Being hospitalized is never a pleasant experience for anyone, but hospitalization can prove especially hazardous for seniors with Alzheimer’s disease and other types of dementia.

Evidence has shown that dementia patients are at greater risk for having adverse outcomes following treatment in a hospital. Even a brief stay may worsen the symptoms of dementia and increase the likelihood of complications such as falls and malnourishment.

Fortunately, there are some things a caregiver can do to help make a hospital stay easier for a loved one with dementia.

  1. Preparation is key. Whether your loved one has a procedure scheduled at the hospital or they wind up in the emergency room unexpectedly, it’s important to have a few basic provisions on hand. Having a hospital kit already packed and ready to go can simplify this process, especially in emergency situations. It’s wise to include current insurance information and pertinent health information, such as a complete list of medications and a basic medical history. Of course, if you have durable medical power of attorney for your loved one, it’s important to bring a copy of this document as well. You may also want to include changes of clothing for both of you, a pen and paper to jot down information from the doctors and nurses, a few snacks, a spare phone charger, and perhaps a book, some magazines and a pair of headphones to keep you occupied.
  2. Keep communication open. Seniors with dementia experience varying levels of lucidity that may fluctuate from day to day, especially while in the hospital. It’s important to explain to your loved one why they are in the hospital, what is going to happen and how long they might be there. It’s okay to simplify explanations a little bit or even engage in some therapeutic lying if it helps them relax and cooperate. Try to be gentle and reassuring, especially if they are scared, confused or agitated. Hospital settings often exacerbate dementia symptoms like these because the patient’s daily routine is turned upside-down and it is very difficult for them to get quality sleep.
  3. Bring comfort objects. If your elderly loved one has an object that they fixate on and that helps keep them calm at home, bring it to the hospital. Things like photographs, a favorite blanket, a stuffed animal or even a small toy can help a person with dementia feel more at ease in an unfamiliar situation.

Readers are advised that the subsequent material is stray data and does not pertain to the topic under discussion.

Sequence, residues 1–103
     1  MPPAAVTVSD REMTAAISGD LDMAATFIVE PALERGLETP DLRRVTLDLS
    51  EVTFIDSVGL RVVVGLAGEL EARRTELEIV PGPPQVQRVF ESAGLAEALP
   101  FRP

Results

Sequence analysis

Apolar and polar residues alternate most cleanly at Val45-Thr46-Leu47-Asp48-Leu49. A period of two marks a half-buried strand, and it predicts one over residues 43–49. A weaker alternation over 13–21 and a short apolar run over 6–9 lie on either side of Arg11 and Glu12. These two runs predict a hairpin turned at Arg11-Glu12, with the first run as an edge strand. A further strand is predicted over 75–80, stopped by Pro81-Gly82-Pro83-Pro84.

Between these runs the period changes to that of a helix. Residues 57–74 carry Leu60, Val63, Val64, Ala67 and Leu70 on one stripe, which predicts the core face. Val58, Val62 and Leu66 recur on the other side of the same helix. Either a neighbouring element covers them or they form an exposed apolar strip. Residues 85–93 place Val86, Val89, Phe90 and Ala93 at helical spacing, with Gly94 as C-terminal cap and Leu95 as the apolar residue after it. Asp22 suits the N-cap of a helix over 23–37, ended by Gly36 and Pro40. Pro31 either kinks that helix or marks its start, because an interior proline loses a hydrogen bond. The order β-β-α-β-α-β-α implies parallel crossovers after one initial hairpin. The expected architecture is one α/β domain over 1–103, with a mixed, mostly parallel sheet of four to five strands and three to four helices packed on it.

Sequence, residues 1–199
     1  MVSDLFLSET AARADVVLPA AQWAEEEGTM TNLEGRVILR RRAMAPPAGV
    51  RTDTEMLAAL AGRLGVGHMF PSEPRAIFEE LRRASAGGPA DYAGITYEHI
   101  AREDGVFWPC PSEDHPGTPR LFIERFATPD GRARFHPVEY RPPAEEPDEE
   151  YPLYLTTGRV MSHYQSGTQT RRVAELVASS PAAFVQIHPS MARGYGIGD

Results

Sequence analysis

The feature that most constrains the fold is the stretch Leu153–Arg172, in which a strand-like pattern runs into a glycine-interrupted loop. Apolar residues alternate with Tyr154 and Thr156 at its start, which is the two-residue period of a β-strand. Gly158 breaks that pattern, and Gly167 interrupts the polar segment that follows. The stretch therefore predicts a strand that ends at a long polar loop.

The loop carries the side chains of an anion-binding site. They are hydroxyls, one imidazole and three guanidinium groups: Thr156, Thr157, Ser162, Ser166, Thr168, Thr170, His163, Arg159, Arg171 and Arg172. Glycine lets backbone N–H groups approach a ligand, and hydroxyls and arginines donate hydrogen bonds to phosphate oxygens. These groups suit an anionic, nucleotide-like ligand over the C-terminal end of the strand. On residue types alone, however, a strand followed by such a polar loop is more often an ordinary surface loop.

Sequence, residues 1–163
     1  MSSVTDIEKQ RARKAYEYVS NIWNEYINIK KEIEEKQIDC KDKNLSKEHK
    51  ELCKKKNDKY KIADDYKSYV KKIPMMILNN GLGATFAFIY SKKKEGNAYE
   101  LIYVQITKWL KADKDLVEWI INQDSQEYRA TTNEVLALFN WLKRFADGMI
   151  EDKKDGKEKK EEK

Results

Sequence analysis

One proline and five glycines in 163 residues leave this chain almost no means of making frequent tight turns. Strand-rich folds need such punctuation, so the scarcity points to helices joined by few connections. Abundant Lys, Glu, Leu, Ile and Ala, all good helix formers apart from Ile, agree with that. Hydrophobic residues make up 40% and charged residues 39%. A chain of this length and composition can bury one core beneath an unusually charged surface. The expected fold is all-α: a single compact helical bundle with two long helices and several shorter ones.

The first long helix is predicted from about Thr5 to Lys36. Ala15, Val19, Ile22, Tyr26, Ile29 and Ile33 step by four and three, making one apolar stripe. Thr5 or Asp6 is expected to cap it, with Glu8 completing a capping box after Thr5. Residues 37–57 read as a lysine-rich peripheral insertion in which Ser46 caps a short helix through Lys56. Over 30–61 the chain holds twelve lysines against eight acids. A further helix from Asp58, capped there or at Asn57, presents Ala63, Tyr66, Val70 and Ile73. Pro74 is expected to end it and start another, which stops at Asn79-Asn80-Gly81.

4. Get a private room. While private rooms are not always available or affordable, opting for one will be more relaxing for both you and your loved one. With a shared hospital room, there’s twice the disruption, noise and coming and going of staff and visitors in the room, which can be very overwhelming for someone with dementia. Added privacy will also enable you and other family members to visit your loved one without worrying about disturbing other patients.
  5. Discuss dementia behaviors and health care wishes with staff. Be sure to speak with the doctor and attending nurses about common dementia symptoms your loved one exhibits and inquire about how outbursts and uncooperative patients are handled. Ask about the use of restraints (both chemical and physical) and voice your preferences for how staff should handle an emotional flare-up from your elderly loved one. Restraints should only be used as a last resort.
  6. Ask questions. Diligently ask as many questions as needed to understand your loved one’s diagnosis, what treatments they are receiving and how long recovery will take. Ask the doctor if any of the treatments might affect their behavior and/or mental state. Having a solid understanding of a senior’s medical condition throughout the process will help you prepare for important care decisions at the hospital and when it is time for them to be discharged. Will they need to recuperate at an in-patient rehabilitation facility? Might it be time for placement in a memory care unit, or can they be safely discharged back home?
  7. Don’t be afraid to repeat yourself. Tell every new hospital staff member you encounter during the hospital stay that your loved one has dementia. A study conducted by researchers from the University College London Medical School found that hospital workers were only able to identify a cognitively impaired person about 30 percent of the time. This information can seriously impact the quality and nature of a person’s care and experience in the hospital, so reiterate that your loved one is impaired and don’t worry about being a nuisance.
  8. Stay by their side. A familiar face can work wonders when it comes to keeping a senior calm at the hospital. Try to arrange to be with your loved one as much as possible, particularly in the evenings, during meals, and when medical tests and procedures such as IV insertions and vital sign checks are performed. It may not be possible for you to be at the hospital this often, so try to arrange for other family members to visit when you cannot.

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